Becoming an Authentic Listener
Listening from the heart requires self awareness and a willingness to expand your comfort zone. Intend to listen more authentically. What follows are considerations for becoming an authentic listener.
Quiet your mind. Our minds are in constant motion. There are plenty of internal and external distractions that draw our attention. Getting centered and quieting the mental chatter opens a space for deep attentiveness.
Be willing to listen without judgment. Judgment is a form of reacting based on our own past experience. We often react because our personal triggers get pushed. It is important to become aware of what your triggers are in order to not shut down open communication. As you listen, simply receive without judging what is said. This opens a space for deep trust.
Commit to patience. We live in a rushed world and tend to move on to the next thing rather than attending to what is in front of us. True communication can't be rushed. Be patient with yourself and the other person.
Remain in the moment. Let each moment of the interaction unfold naturally without trying to steer it a certain way or without preconceived ideas about where the conversation needs to go.
Avoid the temptation to formulate a response. Listen first, then respond. Our tendency is to be mentally forming our response while the person is still talking. Focus first on what the person is conveying, then form a response.
Be honest. If you are unable to be fully attentive, it's better to let the person know than to pretend you are listening. Perhaps you are preoccupied or tired. Letting the person know you care but that you can't give your full attention is acting with integrity.
Listen with your eyes. Observe the nonverbal messages, both the speaker's and your own. What is the body posture telling you? Is the voice tone consistent with the spoken words? What is the facial expression?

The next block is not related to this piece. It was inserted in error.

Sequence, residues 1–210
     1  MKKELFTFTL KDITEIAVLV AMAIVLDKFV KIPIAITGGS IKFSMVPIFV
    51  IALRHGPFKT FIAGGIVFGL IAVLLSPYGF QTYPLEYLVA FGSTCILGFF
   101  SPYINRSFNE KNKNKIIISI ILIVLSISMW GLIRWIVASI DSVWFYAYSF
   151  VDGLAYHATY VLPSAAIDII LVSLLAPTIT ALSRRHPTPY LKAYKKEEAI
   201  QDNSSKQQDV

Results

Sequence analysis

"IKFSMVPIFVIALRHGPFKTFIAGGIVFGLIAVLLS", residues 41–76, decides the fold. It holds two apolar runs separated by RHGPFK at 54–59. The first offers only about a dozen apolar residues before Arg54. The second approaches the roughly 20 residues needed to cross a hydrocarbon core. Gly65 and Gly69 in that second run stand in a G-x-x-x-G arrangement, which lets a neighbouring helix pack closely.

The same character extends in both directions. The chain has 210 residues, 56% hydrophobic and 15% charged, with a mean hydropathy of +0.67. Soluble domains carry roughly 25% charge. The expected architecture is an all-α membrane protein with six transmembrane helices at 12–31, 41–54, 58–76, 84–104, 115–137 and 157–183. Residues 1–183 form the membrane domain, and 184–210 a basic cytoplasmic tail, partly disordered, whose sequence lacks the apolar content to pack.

Listen to the silence as well as the words. Learning to be comfortable sitting in silence with another person is one of the most powerful forms of communication. Silence allows the hearts to connect, and a sacred dialogue is spoken.
Gladly receive the gifts of authentic listening. When you listen from the heart, you enter into a mutual experience of giving and receiving. Let yourself be uplifted by the experience as you uplift the life of the other.
Authentic listening is not about doing anything. No formulated response. No need to fix anything or to make the person feel better. It is not counseling or analyzing. It is about being, not doing. Being with the other person and caring about their experience.
Think on This
To close, I want to share a couple of quotes and ask you to reflect on them to further capture the essence of authentic listening.
"Hearing is something that happens to us. Listening is something in which we choose to participate" - James E. Miller
"Listening is the oldest and perhaps the most powerful tool of healing. It is often through the quality of our listening and not the wisdom of our words that we are able to effect the most profound changes on the people around us." - Rachel Naomi Remen
If our paths should cross, I'll do my best to listen to you.
Click here for more information about Ann Catlin, LMT, NCTMB, OTR.